A couple of weeks ago, I reviewed 2006 from a Supply Chain Digest perspective, highlighting many of the important stories and themes we covered – and those that drove the highest level of reader response.
As promised then, I am now going to offer my more general thoughts on Top Ten trends in supply chain and logistics for 2006. While we are flooded with similar lists in general news, entertainment and other categories, I really don’t see too much like this in the supply chain, so I hope you enjoy.
So, in reverse order, you will find my list below. As always, we’d welcome you comments, agreements, disagreements, or any other perspective you would like to share.
10. Voice Technology in Distribution Goes Mainstream: It’s been building for the last couple of years, but voice technology in order picking and other distribution processes seemed to really go mainstream last year, as price and performance continue to improve, and the recognition of the productivity gains available become much more widely understood.
9. Labor Unions at an Inflection Point: This was a story we specifically covered in 2006, with our piece on auto parts maker Delphi’s still inconclsive push to dramatically reduce its North American union wages and move many operations offshore. There has been more action, with GM and Ford getting UAW agreement to shed tens of thousands of workers, Goodyear wringing strong concessions from its union last month, Chrysler perhaps sending a message to the UAW before the 2007 negotiations with an agreement with a Chinese automaker (see story in This Week’s Supply Chain News Bites), and more. If this trend continues, it could have big implications for supply chain costs and offshoring decisions. But will a Democratic Congress ignite some union pushback? Stayed tuned.
8. Concern over Commodities: Though it abated in the fourth quarter, concern over the availability and price of raw materials, from copper to rubber, caused many companies to rethink supply chain strategies, sign very long term agreements, and even, yes, return to a level of vertical integration. Caterpillar blames a revenue shortfall in part on the inability to receive needed levels of supersized tires, that in turn blamed in part on rubber shortfalls. Is anyone really paying attention to all those commodity deals and acquisitions Chinese companies are making worldwide?
7. Continued Supply Chain Vendor Consolidation: 2006 saw plenty more of this action, including supply chain software pioneer Manugistics being acquired by JDA, Symbol Technologies agreeing to be acquired by Motorola, “roll up” company SSA being acquired by another roll up company Infor, and many more. Make no mistake – in a maturing software market, it’s now all about acquiring customers and taking out overhead costs through acquisitions.
6. The Perfect Storm Blew Over: Long term, we still have many transportation challenges to deal with, but port congestion was basically a non-issue in 2006, and trucking capacity certainly swung back much more in balance with demand, easing rate pressure. Fuel prices even managed to drop substantially throughout the fourth quarter (see nearby story on the year in diesel prices in News and Views). We say enjoy it while you can…
5. Focus on Risk Management: Following a lot of academic research and work in 2005, we saw a huge number of companies turn their attention to supply chain risk mitigation in 2006.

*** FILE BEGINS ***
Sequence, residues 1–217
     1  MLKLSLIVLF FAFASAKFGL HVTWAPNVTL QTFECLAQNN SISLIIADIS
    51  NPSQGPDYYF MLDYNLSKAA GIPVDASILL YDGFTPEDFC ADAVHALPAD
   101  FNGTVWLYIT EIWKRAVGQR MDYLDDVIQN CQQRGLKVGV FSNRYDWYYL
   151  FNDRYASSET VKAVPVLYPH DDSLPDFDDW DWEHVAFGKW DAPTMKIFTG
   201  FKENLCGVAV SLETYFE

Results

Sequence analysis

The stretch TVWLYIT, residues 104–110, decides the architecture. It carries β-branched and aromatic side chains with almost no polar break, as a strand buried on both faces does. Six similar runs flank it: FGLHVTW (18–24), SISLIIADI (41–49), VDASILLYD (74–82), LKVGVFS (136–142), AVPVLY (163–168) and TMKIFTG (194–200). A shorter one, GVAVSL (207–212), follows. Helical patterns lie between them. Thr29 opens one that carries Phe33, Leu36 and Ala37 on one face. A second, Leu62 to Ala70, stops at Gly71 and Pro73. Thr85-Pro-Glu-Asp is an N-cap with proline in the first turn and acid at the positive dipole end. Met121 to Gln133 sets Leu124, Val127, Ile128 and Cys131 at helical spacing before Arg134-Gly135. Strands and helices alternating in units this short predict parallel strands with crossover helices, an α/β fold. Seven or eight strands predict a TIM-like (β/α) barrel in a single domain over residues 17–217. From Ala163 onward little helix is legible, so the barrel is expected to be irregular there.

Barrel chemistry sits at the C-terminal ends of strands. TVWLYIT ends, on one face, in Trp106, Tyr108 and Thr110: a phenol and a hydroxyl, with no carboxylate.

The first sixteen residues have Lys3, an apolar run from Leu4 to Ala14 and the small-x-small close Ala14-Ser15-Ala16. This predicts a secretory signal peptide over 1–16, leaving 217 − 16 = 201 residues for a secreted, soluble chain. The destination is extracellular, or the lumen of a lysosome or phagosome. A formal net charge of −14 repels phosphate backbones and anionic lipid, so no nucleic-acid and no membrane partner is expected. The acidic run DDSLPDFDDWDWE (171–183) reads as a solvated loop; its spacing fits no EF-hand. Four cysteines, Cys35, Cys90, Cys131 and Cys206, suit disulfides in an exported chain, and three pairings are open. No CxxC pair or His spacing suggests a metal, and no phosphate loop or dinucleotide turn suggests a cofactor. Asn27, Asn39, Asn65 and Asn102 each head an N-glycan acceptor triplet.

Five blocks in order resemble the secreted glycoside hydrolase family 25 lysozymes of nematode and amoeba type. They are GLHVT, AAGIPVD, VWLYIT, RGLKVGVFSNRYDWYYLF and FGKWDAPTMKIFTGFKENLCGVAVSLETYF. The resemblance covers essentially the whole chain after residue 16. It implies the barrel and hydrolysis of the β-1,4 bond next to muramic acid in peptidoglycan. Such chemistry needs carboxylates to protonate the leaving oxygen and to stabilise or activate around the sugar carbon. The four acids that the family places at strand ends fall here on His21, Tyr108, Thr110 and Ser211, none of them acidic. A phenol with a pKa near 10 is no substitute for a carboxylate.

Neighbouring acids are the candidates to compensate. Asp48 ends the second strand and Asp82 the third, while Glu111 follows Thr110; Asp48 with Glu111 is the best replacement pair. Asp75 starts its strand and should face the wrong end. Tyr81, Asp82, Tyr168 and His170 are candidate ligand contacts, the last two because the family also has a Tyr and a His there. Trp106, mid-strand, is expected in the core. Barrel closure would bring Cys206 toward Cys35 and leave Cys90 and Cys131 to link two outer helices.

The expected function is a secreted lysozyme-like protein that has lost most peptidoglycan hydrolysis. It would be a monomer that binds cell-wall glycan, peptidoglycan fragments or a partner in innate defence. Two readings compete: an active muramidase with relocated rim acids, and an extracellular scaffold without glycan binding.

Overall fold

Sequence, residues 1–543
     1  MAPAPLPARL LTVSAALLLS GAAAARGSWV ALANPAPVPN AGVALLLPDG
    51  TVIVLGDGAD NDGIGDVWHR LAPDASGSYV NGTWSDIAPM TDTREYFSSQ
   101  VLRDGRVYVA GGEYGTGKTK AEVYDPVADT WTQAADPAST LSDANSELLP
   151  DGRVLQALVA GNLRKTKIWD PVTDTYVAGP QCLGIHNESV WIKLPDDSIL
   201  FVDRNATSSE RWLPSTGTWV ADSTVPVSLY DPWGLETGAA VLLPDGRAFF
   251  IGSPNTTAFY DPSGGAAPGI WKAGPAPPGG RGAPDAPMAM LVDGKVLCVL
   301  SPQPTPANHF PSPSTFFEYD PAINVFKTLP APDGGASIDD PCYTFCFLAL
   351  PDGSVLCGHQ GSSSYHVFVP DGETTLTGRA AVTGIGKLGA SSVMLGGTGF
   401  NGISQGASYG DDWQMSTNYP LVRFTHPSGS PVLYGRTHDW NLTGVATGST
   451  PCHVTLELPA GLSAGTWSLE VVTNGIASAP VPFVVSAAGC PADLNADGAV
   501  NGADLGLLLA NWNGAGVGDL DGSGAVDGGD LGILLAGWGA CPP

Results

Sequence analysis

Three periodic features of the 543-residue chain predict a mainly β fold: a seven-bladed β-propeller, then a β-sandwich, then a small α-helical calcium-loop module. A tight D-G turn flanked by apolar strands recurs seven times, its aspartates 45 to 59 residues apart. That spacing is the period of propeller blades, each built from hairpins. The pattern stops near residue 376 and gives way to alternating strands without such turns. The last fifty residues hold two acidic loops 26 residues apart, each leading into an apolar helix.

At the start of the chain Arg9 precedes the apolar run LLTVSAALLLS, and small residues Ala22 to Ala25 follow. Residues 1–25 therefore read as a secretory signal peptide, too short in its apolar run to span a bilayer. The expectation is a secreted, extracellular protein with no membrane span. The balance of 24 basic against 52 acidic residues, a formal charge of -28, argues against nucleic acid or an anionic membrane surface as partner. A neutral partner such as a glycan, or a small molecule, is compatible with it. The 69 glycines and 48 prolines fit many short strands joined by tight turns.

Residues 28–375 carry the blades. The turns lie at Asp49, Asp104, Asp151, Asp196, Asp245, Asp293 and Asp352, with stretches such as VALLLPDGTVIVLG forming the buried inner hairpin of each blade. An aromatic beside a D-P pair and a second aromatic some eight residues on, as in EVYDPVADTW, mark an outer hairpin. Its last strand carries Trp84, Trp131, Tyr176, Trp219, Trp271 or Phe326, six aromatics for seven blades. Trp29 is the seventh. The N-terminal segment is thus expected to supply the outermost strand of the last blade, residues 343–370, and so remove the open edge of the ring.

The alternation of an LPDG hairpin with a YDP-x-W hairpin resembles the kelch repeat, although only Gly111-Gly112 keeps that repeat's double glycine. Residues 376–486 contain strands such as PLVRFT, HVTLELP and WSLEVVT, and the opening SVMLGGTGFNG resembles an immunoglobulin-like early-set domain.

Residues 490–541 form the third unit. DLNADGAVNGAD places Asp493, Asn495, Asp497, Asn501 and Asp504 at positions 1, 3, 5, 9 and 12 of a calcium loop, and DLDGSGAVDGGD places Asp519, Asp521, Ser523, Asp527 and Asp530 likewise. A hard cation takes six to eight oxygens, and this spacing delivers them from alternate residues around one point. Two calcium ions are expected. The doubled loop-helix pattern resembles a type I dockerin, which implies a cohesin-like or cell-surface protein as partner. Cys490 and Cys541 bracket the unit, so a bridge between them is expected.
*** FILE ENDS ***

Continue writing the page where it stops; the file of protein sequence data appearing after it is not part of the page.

4. Supply Chain Icons Stub Their Toes: We’ve been talking about Dell and Wal-Mart as the supply chain leaders for so long, most of us say it without thinking – or often knowing why. Both these leaders had the overall troubles in 2006, with no clear path back to glory for either one. Important because it shows supply chain advantage is never forever, and if Wal-Mart someday loses it current level of dominance it will have huge industry ramifications across the supply chain and more.
3. RFID Slows - but Grows: Many observers, including Supply Chain Digest and certainly a number of RFID-focused vendors, saw little momentum in terms of real action in the EPC-based consumer goods-to-retail market, in part as Wal-Mart moved much its attention to a series of other supply chain, store strategy and external issues, rather than the RFID roll out. The number of consumer goods manufacturers doing anything meaningful with RFID is still just a handful, and RFID announcements on the retailer side were very quiet in 2006. On the other hand, we saw strong progress with RFID in a wide variety of other markets and applications, as a supporting technology, not a cause in itself.
2. Global Supply Chain Gets Serious: As we predicted early in the year, in 2006 we saw huge numbers of companies finally get that global supply chain isn’t a logistics sub-discipline – it’s an area where performance can mean the difference between company success and mediocrity or worse. We thought the CSCMP conference in October spent a bit too much time on global sourcing and logistics, but then again, maybe not…
1. The Greening of the Supply Chain: It’s just starting to ignite, but we predict the most significant trend of 2006 will be that this is the year where the environmentally friendly supply chain (aka “sustainability”) really turned the corner, and companies started to take real action. To the surprise of many, an early leader: Wal-Mart. From energy efficiency to alternative fuels to packaging and much more, the supply chain will increasingly be colored green.
That’s my list… would love to hear your reaction.
What are your thoughts on out top 10 2006 trends. What would you add – or subtract?